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Huffman coding is a widely used method of entropy coding used for data compression. It assumes that we have complete knowledge of a signal's statistics. However, there are versions of Huffman coding that are used with streaming media and cannot possibly know everything about the signal's statistics. How do these adaptive Huffman encoders work?

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The Wikipedia article has a pretty good description of the adaptive Huffman coding process using one of the notable implementations, the Vitter algorithm. As you noted, a standard Huffman coder has access to the probability mass function of its input sequence, which it uses to construct efficient encodings for the most probable symbol values. In the prototypical example of file-based data compression, for example, this probability distribution can be calculated by histogramming the input sequence, counting the number of occurrences of each symbol value (symbols could be 1-byte sequences, for example). This histogram is used to generate a Huffman tree, like this one (taken from the Wikipedia article):

Huffman tree example

The tree is arranged by decreasing weight, or probability of occurrence in the input sequence; leaf nodes at the top represent the most probable symbols, which therefore receive the shortest representations in the compressed data stream. The tree is then saved along with the compressed data and is subsequently used by the decompressor later to regenerate the (uncompressed) input sequence again. As one of the early entropy code implementations, standard Huffman coding is fairly straightforward.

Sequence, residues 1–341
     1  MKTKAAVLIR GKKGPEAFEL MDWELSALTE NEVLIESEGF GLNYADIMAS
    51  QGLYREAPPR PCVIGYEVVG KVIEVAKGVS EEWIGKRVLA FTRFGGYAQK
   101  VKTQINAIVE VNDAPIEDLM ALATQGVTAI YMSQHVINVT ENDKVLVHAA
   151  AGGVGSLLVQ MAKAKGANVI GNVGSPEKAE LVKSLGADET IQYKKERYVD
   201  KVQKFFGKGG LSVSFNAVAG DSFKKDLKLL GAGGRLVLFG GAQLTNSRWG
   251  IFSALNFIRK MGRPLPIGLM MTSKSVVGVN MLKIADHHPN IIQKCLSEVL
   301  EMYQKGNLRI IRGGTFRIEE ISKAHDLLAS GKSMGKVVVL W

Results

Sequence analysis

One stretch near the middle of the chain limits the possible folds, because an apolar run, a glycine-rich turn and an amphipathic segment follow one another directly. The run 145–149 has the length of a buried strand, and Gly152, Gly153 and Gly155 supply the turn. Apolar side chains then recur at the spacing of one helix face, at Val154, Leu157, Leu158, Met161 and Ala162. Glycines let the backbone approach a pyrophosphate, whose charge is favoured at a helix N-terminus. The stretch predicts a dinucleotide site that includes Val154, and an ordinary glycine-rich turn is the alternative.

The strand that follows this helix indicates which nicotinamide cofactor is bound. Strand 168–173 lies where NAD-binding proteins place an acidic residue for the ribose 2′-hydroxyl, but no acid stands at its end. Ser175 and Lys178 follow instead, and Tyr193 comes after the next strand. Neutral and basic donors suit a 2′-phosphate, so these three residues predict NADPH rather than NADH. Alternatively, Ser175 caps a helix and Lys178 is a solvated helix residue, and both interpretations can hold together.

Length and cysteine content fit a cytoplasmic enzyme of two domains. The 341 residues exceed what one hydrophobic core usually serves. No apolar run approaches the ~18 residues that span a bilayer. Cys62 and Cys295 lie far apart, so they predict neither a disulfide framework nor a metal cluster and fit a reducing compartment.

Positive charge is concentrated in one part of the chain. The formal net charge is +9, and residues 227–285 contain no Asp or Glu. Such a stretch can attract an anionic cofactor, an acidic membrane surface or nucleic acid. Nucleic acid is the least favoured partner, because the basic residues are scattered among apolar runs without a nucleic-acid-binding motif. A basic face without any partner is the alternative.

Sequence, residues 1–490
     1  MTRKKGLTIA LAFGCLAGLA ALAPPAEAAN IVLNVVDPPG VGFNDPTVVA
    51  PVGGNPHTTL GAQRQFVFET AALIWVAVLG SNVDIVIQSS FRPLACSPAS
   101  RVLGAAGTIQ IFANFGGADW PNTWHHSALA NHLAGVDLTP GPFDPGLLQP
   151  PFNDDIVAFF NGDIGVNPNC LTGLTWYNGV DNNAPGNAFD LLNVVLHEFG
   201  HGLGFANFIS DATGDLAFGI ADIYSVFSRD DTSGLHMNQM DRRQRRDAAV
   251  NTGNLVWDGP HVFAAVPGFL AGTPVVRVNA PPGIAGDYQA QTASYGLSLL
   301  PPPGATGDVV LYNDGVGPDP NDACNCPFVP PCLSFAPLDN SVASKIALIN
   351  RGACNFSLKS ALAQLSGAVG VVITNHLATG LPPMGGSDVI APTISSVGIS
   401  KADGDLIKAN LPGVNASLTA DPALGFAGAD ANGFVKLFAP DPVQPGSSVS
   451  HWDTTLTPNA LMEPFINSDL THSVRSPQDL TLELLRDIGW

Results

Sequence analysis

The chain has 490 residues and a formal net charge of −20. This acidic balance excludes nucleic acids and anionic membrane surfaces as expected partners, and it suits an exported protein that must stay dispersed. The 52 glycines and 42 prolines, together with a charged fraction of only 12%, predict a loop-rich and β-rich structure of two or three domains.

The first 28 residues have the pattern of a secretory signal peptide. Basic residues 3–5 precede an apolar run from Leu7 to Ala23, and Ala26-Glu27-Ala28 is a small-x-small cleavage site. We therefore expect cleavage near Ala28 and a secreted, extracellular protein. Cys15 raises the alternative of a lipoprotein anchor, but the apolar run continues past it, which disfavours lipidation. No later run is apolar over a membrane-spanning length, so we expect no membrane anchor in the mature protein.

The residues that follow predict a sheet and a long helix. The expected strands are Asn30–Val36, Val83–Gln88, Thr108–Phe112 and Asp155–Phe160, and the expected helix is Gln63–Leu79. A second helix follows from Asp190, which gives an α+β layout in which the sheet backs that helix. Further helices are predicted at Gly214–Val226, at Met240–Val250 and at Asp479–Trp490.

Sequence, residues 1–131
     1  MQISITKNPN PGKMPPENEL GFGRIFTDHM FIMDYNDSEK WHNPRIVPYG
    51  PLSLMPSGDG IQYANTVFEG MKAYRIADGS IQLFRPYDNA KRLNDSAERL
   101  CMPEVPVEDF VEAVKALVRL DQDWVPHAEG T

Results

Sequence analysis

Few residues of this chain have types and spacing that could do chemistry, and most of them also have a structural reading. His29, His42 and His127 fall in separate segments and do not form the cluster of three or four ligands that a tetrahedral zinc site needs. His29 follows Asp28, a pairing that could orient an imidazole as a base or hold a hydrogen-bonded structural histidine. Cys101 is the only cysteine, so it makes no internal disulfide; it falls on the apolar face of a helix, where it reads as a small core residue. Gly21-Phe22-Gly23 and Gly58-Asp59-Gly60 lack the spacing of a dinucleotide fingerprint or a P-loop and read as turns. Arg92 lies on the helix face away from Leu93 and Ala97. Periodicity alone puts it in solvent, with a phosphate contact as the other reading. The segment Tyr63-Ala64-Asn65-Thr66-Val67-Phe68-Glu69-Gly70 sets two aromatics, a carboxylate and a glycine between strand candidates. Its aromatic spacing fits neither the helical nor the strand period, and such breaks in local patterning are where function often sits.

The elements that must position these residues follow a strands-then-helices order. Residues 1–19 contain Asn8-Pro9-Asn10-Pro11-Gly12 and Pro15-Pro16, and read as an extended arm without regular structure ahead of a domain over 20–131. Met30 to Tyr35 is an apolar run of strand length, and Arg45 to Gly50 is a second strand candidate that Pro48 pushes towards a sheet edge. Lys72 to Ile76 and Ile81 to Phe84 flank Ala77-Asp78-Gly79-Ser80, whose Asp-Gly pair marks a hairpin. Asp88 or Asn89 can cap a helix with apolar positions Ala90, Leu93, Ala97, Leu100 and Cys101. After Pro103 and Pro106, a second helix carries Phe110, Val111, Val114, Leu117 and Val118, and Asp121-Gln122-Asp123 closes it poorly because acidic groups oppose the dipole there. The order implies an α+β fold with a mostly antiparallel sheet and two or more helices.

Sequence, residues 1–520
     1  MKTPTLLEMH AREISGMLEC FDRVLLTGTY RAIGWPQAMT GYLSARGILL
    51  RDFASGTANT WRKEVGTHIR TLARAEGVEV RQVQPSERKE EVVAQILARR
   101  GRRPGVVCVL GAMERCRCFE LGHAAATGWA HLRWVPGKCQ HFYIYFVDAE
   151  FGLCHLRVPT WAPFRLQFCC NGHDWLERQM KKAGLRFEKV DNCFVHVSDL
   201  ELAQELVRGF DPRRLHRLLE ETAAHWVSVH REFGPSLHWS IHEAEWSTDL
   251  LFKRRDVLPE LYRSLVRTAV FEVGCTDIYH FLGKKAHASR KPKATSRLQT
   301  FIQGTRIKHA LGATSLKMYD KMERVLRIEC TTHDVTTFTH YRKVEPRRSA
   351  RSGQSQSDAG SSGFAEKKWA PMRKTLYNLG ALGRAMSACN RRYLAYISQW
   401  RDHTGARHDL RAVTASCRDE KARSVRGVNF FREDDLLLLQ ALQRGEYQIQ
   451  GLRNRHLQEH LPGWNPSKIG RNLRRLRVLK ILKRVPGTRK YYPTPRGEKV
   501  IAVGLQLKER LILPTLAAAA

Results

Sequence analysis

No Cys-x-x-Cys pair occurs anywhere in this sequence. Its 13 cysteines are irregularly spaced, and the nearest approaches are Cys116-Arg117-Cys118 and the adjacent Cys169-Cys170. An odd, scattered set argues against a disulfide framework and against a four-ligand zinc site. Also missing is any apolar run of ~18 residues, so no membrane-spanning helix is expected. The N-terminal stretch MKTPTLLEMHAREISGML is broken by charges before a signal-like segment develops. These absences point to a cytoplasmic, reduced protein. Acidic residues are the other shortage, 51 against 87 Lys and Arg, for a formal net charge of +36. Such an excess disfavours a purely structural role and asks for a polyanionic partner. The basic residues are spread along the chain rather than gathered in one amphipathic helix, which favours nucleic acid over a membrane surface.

The adaptive Huffman coder's structure is quite similar; it uses a similar tree-based representation of the input sequence's statistics to select efficient encodings for each input symbol value. The main difference is that, as a streaming implementation of the algorithm, no a priori knowledge of the input's probability mass function is available; the sequence's statistics must be estimated on the fly. If one is to use the same Huffman encoding scheme, this means that the tree used to generate each symbol's encoding in the compressed stream must be built and maintained dynamically as the input stream is processed.

The Vitter algorithm is one way of accomplishing this; as each input symbol is processed, the tree is updated, maintaining its characteristic of decreasing probability of symbol occurrence as you move down the tree. The algorithm defines a set of rules for how the tree is updated over time, and how the resulting compressed data is encoded in the output stream. As the input sequence is consumed, the tree's structure should represent a more and more accurate description of the input's probability distribution. In contrast to the standard Huffman coding approach, the decompressor does not have a static tree to use for decoding; it must perform the same tree-maintenance functions continuously during the decompression process.

In summary: The adaptive Huffman coder operates very similarly to the standard algorithm; however, instead of a static measurement of the entire input sequence's statistics (the Huffman tree), a dynamic, cumulative (i.e. from the first symbol to the current symbol) estimate of the sequence's probability distribution is used to encode (and decode) each symbol. In contrast to the standard Huffman coding approach, the adaptive Huffman algorithm requires this statistical analysis at both the encoder and decoder.

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